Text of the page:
July 11, 2020

Wellness at Webster

Registrar looks back on his 170-pound weight loss

GALE WHITEHEAD / The Journal Don Morris works on Jan. 13 in the registar’s office. Morris accomplished his 2010 New Year’s resolution to lose 170 pounds.

By Preston Petri

A smiling Don Morris sits in his office reflecting on his last year. He’s brimming with confidence as he talks about his recent achievements, and why he decided to undertake them.
A year ago, the Webster University registrar was battling high blood pressure and high cholesterol. After a friend died from a heart attack, Morris knew he needed to do something about his health. Not many people, including Morris himself, could envision the way his life was about to change.
Morris weighed 380 pounds last year. He was on numerous medications for his blood pressure and cholesterol and had to take two water pills a day for acid reflex disease.
“The doctor said I was within 30 to 60 days to having to start diabetes medications” Morris said.
The onset of diabetes also stood as a warning sign his health was declining rapidly. Although the situation was not life or death, Morris was inspired to begin dieting and exercising in an attempt to better  his health.
His decision would lead him to lose 170 pounds in just eight months.
“I wasn’t afraid that I was close to dying, but I knew that my health was deteriorating,” Morris said. “I never felt good, and I knew that it was time.”
After learning of his friend’s death, Morris told his wife he wasn’t planning on being the next one. That’s when he decided to follow a diet program through SSM Health Care, where his wife works. The new diet program Morris selected was a very low calorie diet. When mixed with exercise, he dropped the pounds quickly.Morris’s low calorie diet consisted of three meals a day, from a selection of 14.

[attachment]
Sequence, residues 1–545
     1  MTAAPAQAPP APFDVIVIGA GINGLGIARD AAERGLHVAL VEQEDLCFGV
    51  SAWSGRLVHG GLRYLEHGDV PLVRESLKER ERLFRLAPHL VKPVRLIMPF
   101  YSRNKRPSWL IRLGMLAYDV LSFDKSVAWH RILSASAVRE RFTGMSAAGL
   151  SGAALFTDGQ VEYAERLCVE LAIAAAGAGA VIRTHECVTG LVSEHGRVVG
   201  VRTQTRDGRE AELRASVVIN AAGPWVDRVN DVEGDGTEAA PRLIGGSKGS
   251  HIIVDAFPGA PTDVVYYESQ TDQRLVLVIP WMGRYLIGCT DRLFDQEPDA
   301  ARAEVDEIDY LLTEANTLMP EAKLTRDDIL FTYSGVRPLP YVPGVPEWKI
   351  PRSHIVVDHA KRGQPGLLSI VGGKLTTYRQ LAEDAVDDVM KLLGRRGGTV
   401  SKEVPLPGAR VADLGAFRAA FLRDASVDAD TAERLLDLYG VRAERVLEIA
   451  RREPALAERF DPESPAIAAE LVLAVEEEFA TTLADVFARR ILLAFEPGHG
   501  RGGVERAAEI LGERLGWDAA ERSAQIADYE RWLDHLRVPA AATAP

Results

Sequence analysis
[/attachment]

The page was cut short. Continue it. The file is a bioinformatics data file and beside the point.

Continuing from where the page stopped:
Then, Morris sat down with his wife, Kathleen, and his son Ryan Morris to ask for their support. His daughter Lindsay Morris, a junior computer science major, studied abroad but gave her support from afar.
“You can’t do it alone,” Don Morris said. “You need the support and backing of your family to do it.”
The family had to reduce the amount of times they ate out as a family, and have been encouraged themselves to try and eat healthier.
“Since he has been doing the program, he has helped change the way we cook our meals,” Lindsay Morris said. “We no longer fry food, we don’t use much salt, if we buy canned or bagged items we look at sodium before most other things, and we use a majority of Splenda instead of sugar.”
In the beginning of Don Morris’ weight loss journey, Ryan Morris helped him clean up the basement where some fitness equipment sat unused. Together, they began to get Don Morris back in shape. Now, he works out for an hour a day.
One of the biggest differences Don Morris noticed was his endurace on the basketball court. As an early member of “Noon Hoops” at Webster, Don Morris played when they didn’t have enough people to play full court. As the years went on, more people started joining, and the “Noon Hoops” players began using the entire court.         “I don’t have to stop or take breaks,” Don Morris said. “I run the entire hour, and I don’t tire out anymore.”